Norway: Culture Shock is Real.

 

As I’ve already mentioned, there will be some travel posts mixed in throughout all of this, especially in the upcoming months. Now, most people hear about culture shock and think, “Yeah, yeah that’ll never happen to me.” That’s what I thought, too.

During my time studying abroad in London, my friend and I traveled to Oslo, Norway, and it was a complete accident. As embarrassing as it is, we saw an extremely inexpensive ticket on Ryanair to a city called Oslo and bought it instantly. Instead of researching the city before clicking “Submit,” we had committed ourselves to a long weekend in Norway…not Switzerland, where we thought Oslo was located. Ahem, anyway…

The weeks before the trip, we were amused by the fact that we would be going to Norway, a place neither of us had thought very much about before, to be completely honest. It isn’t the most spoken about country when visiting Europe, and I definitely thought I would’ve been to France or Spain before ever setting foot in Norway. I guess we raised our hopes too high, however, because once we got off of the plane, we immediately had our first encounter with culture shock.

It started out small, and then gradually grew. It wasn’t even the land or country that was the catalyst, but the pepole themselves. I am not judging or placing a title on them at all. We simply did not run into the nicest of people in the beginning, or in the entire first day. This was the first culture, and the only one in my case, where we experienced culture shock. I had heard about it countless times from my study abroad leaders, but after falling in complete love with London and Scotland, I thought that maybe, just maybe, it could have been overrated. Boy, was I wrong. I realize all of the steps of culture shock usually occur over a few weeks or months, but we experienced the entire scheme within four days. For those of you who do not know what stages I am talking about, let me enlighten you…

1. Stage 1 – Excitement:                                                                                                                                             

  • In this stage, you are fascinated by everything revolving the culture. You are happy to experience it because you have little to no knowledge of it. It’s new and exciting, and you have a positive outlook on everything. For my friend and I, we had talked about going to Norway so much that we could not wait to get there. When the pilot announced, “Welcome to Norway,” we looked at each other laughing and were excited to step off of the plane.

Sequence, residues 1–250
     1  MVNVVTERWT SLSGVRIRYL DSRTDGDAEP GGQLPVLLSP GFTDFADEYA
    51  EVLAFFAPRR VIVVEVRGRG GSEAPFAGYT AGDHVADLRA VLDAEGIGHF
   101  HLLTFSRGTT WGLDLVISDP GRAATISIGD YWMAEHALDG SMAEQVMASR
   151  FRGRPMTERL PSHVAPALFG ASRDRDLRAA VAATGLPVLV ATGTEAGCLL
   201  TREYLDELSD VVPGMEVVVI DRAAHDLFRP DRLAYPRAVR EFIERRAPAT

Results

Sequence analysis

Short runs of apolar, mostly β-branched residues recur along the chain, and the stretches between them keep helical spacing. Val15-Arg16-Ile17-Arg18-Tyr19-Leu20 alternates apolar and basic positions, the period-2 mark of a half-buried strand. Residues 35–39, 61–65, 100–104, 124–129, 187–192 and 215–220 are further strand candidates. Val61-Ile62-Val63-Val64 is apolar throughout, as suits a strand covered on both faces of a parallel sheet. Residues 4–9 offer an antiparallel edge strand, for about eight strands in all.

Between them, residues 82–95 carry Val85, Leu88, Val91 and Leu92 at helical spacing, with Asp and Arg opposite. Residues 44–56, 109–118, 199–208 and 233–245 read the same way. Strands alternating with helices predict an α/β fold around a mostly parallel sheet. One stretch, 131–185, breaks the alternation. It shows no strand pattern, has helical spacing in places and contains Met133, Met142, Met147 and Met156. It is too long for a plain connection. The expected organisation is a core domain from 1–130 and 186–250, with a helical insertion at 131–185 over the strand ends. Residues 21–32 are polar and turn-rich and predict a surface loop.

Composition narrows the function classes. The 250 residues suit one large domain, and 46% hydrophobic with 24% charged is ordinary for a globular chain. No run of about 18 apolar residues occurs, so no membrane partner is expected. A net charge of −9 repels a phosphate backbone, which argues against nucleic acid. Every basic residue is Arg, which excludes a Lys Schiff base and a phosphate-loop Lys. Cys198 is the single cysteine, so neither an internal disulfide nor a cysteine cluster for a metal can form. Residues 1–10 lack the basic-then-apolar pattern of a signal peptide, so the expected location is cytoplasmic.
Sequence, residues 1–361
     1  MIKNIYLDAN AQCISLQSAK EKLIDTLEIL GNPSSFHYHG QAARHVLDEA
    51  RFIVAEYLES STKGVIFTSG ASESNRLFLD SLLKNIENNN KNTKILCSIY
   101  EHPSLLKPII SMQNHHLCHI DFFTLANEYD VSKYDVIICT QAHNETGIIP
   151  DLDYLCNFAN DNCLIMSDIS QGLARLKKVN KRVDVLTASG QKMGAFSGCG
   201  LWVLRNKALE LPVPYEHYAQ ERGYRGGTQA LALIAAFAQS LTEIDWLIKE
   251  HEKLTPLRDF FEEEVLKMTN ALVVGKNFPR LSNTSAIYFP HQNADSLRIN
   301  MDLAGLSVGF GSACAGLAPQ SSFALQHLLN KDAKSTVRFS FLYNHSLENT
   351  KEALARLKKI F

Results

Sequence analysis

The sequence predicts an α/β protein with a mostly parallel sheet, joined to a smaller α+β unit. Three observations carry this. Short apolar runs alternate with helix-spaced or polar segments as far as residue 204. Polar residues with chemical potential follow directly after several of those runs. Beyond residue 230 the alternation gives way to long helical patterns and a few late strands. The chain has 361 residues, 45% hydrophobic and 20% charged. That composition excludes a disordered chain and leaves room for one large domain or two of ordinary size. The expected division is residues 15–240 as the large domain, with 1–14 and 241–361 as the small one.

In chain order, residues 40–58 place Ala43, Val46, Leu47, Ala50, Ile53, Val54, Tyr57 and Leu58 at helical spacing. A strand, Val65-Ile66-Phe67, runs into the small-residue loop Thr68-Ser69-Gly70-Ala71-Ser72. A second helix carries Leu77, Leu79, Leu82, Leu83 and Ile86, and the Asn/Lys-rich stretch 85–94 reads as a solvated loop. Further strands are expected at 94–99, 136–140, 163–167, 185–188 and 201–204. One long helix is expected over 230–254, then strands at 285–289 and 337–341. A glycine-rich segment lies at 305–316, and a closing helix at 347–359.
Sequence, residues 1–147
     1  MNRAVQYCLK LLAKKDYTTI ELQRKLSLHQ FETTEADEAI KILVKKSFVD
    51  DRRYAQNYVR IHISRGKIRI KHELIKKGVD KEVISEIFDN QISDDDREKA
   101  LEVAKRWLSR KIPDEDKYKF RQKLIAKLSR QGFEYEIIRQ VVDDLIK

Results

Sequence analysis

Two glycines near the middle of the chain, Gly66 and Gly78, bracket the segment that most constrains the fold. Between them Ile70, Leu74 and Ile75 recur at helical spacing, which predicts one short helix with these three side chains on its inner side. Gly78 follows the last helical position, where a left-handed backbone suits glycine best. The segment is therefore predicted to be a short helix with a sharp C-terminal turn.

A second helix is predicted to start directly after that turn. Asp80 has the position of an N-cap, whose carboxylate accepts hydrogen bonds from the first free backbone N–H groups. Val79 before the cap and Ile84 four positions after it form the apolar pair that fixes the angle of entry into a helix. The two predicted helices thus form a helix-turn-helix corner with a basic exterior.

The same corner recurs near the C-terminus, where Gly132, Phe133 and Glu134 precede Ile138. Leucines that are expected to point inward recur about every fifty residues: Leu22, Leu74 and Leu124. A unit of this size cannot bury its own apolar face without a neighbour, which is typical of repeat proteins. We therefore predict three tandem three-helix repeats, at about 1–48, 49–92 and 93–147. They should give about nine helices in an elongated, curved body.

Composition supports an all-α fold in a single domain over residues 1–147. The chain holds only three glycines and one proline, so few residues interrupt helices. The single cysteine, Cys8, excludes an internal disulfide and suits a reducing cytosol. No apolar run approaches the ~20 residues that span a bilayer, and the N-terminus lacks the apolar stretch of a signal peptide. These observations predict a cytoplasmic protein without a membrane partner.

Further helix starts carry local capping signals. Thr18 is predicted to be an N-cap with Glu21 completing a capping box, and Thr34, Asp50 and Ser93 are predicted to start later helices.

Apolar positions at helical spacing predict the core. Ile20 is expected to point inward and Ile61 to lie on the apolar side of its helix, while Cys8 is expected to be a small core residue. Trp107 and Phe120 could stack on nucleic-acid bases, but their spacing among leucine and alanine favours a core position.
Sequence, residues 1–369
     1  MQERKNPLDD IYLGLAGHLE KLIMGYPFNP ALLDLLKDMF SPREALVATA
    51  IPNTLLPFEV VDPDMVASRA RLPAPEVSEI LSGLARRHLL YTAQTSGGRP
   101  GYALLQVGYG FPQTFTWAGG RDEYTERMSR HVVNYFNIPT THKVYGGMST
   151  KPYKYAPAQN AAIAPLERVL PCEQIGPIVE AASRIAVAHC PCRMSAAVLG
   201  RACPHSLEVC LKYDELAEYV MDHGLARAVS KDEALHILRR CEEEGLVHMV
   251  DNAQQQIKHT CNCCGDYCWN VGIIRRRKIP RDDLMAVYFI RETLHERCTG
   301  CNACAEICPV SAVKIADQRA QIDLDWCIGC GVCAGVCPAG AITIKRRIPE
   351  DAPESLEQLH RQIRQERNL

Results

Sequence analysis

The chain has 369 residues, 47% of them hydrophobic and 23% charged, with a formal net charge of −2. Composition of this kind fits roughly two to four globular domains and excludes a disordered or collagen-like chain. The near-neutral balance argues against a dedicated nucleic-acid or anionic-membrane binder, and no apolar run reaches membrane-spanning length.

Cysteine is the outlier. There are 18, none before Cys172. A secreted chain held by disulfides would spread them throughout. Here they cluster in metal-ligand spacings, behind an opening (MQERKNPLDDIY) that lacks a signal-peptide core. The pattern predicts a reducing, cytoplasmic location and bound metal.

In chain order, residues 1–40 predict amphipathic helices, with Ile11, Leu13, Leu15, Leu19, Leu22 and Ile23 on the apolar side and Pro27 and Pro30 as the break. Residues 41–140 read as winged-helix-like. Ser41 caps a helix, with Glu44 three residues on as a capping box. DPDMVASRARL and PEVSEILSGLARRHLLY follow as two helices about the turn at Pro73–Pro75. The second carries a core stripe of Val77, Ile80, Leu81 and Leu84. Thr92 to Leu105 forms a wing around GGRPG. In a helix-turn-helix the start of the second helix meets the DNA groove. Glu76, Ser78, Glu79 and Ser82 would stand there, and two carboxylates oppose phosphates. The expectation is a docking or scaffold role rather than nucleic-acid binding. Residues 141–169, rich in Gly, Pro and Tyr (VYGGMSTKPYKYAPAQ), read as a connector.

2. Stage 2 – Withdrawal:

                             

  • Once you reach this stage, all of that excitement will have diminished by some extent, if not completly. You notice negative differences between the culture and your own and generate some resentment. You don’t understand how people could be so mean, things could be handled so poorly, etc. You may even criticize those living there and reserve yourself. This definitely happened to me; my friend and I were nice to others and, in return, were treated with disrespect and hatred. Our fascination quickly turned to a negative outlook, and we didn’t like to associate with Norwegians. We actually tried to change our flight back to London, missing the city we had fallen in love with and feeling upset that we would be spending our time in Norway instead. However, since we had already checked-in, no changes could be made. We decided to make the most out of the time we had there and to not give up completely on the culture.

(Just a side-note: We even spun a Krone, a Norwegian coin, as a totem to see if we were dreaming. We weren’t.  See the movie Inception if you do not understand what I am talking about).

3. Stage 3 – Adjustment:

                                      

  • This stage is where everything changes. You began to accept the differences and do not feel so alone. The excitement felt in the first stage is regained in small doses, and your sense of humor even comes back somewhat. This stage changed our outlooks on the trip completely. Everything definitely happens for a reason; because we were unable to change our flight, we did not give up and actually began to like the culture. It helped that we met some locals who were not only extremely nice, but also very funny and the Norwegian equivalents of ourselves personality-wise.

4. Stage 4 – Enthusiasm:

                              

                                                        Posing with my curling shoes!

  • With the last stage, you adapt to mostly everything and enjoy the culture as your own. You experience new things and are comfortable in your surroundings. Two of the Norwegians we met were Junior Olympian curlers who even taught us how to curl for the very first time. Who else can say that they traveled to Oslo on accident and then were given curling lessons by Junior Olympians themselves? Like I said, everything happens for a reason. …I have many videos of my curling experience; however, this one is my favorite.

Summary: Don’t give up on a culture simply because it frightens you or makes you uncomfortable. Those can be the biggest challenges which can lead to some of the greatest experiences overall. I am so fortunate that we were unable to change our flight. I can’t believe we even tried to in the first place. While leaving our hotel room, my friend and I both simultaneously, without even planning, said out loud, “Bye room, I’ll miss you!” What started out as a terrible “mistake” turned out to be one of our favorite trips. I have a feeling both of us will be back in Norway at one point or another.

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